Breaking in a strange vehicle (or vice versa) is for me a rather prolonged and edgy affair. Not only are the wipers invariably positioned where the full beam headlights used to be, thereby prompting an episode of energetic windscreen washing when trying to send a message about courtesy to some oik in a beat up Cortina with speakers the size of Kent on the back shelf, but all manner of other instruments have generally been transposed to novel and entertaining locations.
Men seem able to climb into new cars (or vans, trucks, and quite possibly tanks) and instantly blend with the systems in a kind of bio-mechanical union, whereas my process is rather more laborious and involves a great deal of sitting in the drive with the manual and a bemused expression, twiddling knobs and pulling hopefully on levers.
Anyway, with a substantial chunk of leave coming up, this looked like a good time to take the plunge so that I’d have the hang of the thing before needing to mess with morning traffic at the same time as discovering that what I took for the demister button is actually the seat height adjuster. Advanced Motorist I may be but there’s nothing in the training that covers doing seventy on the motorway while horizontal, although I imagine it works for traffic cops hoping to scare the bejabbers out of people they don’t like the look of but can’t actually nick for anything.
A further spur is the arrival downstairs from my office of a new manager for the MOT and service centre whose approach to business practice is to ‘pack ‘em in and stack ‘em high’ – an objective generally achieved by nabbing our allocated spaces in the land fill site that passes for a car park round the back. Dodgy Derek, shifting deftly between sucking in air through his teeth via the fag that seems permanently embedded there, and close scrutiny of an oil-stained rag for dramatic effect, is not open to negotiation about this, unless you’re prepared to accept a tirade of unsavoury language that amounts to ‘shove it’ as a reasoned discussion.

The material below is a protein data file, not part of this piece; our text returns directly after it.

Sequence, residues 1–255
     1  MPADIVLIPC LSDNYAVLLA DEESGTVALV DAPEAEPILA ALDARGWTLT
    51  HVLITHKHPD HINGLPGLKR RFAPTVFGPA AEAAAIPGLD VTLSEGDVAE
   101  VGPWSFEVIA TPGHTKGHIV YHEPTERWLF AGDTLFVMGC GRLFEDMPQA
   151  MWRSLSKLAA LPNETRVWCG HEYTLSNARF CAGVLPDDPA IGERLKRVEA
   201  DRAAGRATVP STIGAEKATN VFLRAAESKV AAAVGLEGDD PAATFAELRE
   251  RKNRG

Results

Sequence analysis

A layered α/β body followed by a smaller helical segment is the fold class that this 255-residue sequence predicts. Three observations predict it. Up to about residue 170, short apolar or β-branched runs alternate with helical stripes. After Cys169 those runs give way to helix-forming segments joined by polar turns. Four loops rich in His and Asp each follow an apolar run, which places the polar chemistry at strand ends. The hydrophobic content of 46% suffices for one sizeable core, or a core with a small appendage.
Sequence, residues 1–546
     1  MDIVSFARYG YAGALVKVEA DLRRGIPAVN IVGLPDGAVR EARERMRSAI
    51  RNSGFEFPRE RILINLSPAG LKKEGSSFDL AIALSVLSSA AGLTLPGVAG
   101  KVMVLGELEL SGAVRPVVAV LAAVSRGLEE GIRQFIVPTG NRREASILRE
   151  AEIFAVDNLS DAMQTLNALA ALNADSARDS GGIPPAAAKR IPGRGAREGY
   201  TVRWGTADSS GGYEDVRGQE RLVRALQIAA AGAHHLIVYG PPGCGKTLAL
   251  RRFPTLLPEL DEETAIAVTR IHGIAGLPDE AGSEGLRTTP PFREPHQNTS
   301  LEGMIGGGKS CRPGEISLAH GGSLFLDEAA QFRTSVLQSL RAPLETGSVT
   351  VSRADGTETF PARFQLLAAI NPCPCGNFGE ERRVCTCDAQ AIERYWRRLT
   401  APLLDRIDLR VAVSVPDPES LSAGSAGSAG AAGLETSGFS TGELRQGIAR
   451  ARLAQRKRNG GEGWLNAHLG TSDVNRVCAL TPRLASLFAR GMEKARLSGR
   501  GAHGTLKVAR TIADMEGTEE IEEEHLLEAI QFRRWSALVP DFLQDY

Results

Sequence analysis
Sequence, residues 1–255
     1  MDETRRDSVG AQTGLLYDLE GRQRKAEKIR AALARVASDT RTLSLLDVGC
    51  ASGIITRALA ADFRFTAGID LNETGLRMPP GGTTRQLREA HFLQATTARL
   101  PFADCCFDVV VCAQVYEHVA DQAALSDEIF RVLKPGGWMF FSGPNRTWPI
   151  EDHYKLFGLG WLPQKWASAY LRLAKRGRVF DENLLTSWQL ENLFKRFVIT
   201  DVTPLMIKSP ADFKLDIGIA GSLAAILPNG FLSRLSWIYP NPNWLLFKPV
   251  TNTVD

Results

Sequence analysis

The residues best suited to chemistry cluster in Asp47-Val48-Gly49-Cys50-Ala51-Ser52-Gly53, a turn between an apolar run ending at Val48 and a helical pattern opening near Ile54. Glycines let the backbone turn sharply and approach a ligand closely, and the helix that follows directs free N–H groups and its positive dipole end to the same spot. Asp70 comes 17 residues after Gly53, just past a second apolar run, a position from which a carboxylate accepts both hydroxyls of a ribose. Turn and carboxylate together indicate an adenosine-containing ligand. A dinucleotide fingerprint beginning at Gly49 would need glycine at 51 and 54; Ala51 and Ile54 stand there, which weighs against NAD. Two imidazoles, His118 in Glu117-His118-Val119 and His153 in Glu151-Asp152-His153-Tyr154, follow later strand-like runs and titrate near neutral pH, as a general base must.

He is also numerically challenged – generally in an upward direction so that the bill I received for my old car’s annual service was unusually large – quite the biggest I’d ever seen actually. Which is probably what Dodgy Derek believes all the girls say after an encounter with him. So, when another Saab with a full Saab service history pops up at a nearby showroom, an escape plan formulates itself whereby I can rehearse the ear-bashing I might need to give Dodgy Derek about his parking strategies while ensuring that my brake pipes are nowhere near his pneumatic ramps.
A cunning plan indeed – aided and abetted by Dodgy Derek himself as it turns out. He likes my new car. He likes it a lot. He likes it so much he’s willing to park it for me when I can’t find a space. He rasps huskily that ‘She’s a lovely girl’ and it’s very scary. In fact it conjures up images of clandestine networks of blokes in brown pullovers gathering at pre-arranged venues to drool over tarted-up BMWs and over-blown jeeps, or having shady assignations over a dog-eared copy of What Car magazine and a floppy disc.
 Remember those? Oh, how we marvelled at the capacious storage space.
From Not Being First Fish by P Spencer-Beck. Available from Amazon (non-illustrated edition). Second edition (illustrated) due 2018